Mainly intended for first-time buyers, Bouygues Immobilier's timber-frame houses combine affordability with quality, comfort and energy efficiency. Their secret is to combine the natural advantages of wood with industrialised construction processes.
A strategic choice for Bouygues Immobilier
Keen to enhance its portfolio of affordably priced housing, Bouygues Immobilier is adding timber-frame houses to its product range. There are several advantages to timber-frame designs: as well as being inexpensive and comfortable, they also meet Bouygues Immobilier's energy efficiency requirements.
Through its subsidiary Ossabois, a timber-frame specialist with over 30 years’ experience, and by using industrialised processes, Bouygues Immobilier can offer homes with BBC-effinergie® low-energy certification at affordable prices, unrivalled on the market. One-third of the houses delivered by Bouygues Immobilier in 2011 had timber frames. This proportion is likely to be maintained even as the number of new-built homes increases in coming years.
What is a timber frame?
A timber-frame house is neither a wooden house nor a mountain chalet. It simply uses wood rather than concrete or steel for its structural elements (walls and floors). Each element is thus made of assembled wooden panels which, after insulation, are covered with a conventional inner lining (plasterboard) and external cladding (timber, rendering). From the outside, a timber-frame house looks like any other house.
Timber frames were originally only used on single-family homes, but have now started to feature on larger buildings. In 2013, Ossabois entered the following markets:
- tourist residences (400 houses for Center Parcs in central France)
- student accommodation (orders from Crous for 200 student rooms in Nice and Chambéry).
The advantages of a timber frame
Only 7% of houses in France have a timber frame. The figure is 30% in Germany and rises to as much as 90% in North America. This success is due to wood’s many natural advantages.
- Five times lighter than concrete, wood has excellent mechanical strength.
- In a fire, wood burns ten times more slowly than concrete.
- Wood insulates twenty times better than concrete and offers better thermal and acoustic insulation.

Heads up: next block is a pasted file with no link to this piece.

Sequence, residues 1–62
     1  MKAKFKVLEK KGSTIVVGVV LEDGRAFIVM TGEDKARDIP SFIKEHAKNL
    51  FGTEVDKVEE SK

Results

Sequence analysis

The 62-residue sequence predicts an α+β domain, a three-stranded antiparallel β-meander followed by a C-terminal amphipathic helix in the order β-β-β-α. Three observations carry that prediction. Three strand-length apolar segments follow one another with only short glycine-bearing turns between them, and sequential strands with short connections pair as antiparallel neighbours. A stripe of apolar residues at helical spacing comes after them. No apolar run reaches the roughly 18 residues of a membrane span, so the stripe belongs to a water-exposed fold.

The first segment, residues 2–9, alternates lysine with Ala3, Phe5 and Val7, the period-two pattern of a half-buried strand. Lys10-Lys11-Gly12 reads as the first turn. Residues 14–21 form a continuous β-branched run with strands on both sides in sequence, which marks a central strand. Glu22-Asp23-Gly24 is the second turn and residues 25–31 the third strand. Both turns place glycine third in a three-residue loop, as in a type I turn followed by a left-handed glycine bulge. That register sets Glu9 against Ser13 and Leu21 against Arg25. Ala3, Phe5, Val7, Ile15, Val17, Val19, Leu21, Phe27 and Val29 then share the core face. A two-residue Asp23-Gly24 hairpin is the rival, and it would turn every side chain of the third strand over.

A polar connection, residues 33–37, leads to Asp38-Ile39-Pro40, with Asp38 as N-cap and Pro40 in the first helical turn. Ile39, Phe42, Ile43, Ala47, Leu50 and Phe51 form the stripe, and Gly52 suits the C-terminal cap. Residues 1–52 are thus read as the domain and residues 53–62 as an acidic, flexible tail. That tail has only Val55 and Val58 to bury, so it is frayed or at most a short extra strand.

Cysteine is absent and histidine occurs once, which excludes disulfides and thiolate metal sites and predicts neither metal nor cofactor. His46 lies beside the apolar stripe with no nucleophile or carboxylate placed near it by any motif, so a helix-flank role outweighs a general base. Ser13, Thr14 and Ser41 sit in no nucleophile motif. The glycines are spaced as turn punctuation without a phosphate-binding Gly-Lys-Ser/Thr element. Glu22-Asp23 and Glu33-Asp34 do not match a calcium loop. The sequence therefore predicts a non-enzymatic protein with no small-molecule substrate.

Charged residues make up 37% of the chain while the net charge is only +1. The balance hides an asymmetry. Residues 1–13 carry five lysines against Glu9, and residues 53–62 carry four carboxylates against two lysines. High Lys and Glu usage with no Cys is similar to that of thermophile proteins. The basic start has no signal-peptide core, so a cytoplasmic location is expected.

- Wooden walls are less thick than concrete or brick, allowing for up to 15% more living space.
- Naturally environment-friendly, wood needs less energy during processing and captures large amounts of CO2 while growing.
The industrialisation of the construction process
The last great advantage of a timber frame is that construction can be industrialised, since the building's load-bearing structures are prefabricated at the factory and delivered ready for assembly on-site. As well as reducing manufacturing costs, this ensures consistently high quality through controls at the factory and at each stage of production and assembly. Industrialisation also considerably reduces construction time: a mere 12 months from design to completion for a detached house!
Ossabois, a premium partner
In order to guarantee the quality and cost of its timber-frame programmes, Bouygues Immobilier relies on its subsidiary Ossabois, a French timber-frame specialist with over 30 years’ experience.
Based in central France, Ossabois has two factories capable of producing timber frames for up to ten houses a day. Ossabois also guarantees that all its timber is certified under either the FSC (Forest Stewardship Council) or PEFC (Programme for the Endorsement of Forest Certification) schemes and is sourced exclusively from European forests.
In 2013, Ossabois won a number of major contracts, some of which were for serviced residences. Timber frames were originally used for single-family homes, but are now increasingly featuring on larger buildings.
Two questions to Philippe Morel, head of Bouygues Immobilier's Maisons France division
WHY HAVE YOU DECIDED TO DEVELOP TIMBER-FRAME HOUSES?
We wanted to come up with high-quality homes at very affordable prices. Our aim is to meet demand from potential customers overlooked by other developers: first-time buyers with limited incomes, often looking to move from rented social housing.
The timber-frame house soon became the obvious solution. Industrialised production means lower costs and shorter lead-times without any loss of quality. In addition, our timber-frame houses have BBC-effinergie® low-energy certification under the latest thermal regulations (RT 2012) and are fitted with pellet stoves that cut the energy bill by 30 to 40% in comparison with a conventional house, a key factor for buyers!
With all those advantages, why aren't timber frames more widely used in France?
Don't forget that the lower price is achieved through industrialisation, which means less architectural flexibility. Regional traditions are still very strong in France. For example, builders tend to use brick in the north and cellular concrete in the south because these are deeply rooted habits.
But things are moving forward and new timber-frame projects are springing up everywhere. And they are not only for single-family homes, since timber frames can also be used for apartment blocks or office buildings.
An exceptional building… boasting a timber frame!
Les Lodges, a highly innovative project at Chanteloup-en-Brie, east of Paris, includes 35 timber-frame houses designed by architects AW2. The adaptable, modular houses can be extended by adding prefabricated wooden modules, so that a three-room house can become a four-, five- or even six-room dwelling. Timber frames provide outstanding flexibility.
The project’s eco-friendly design also helps to reduce energy expenses and CO2 emissions. It was singled out by the French environment and energy management agency ADEME as “an exceptional building in the Paris region”.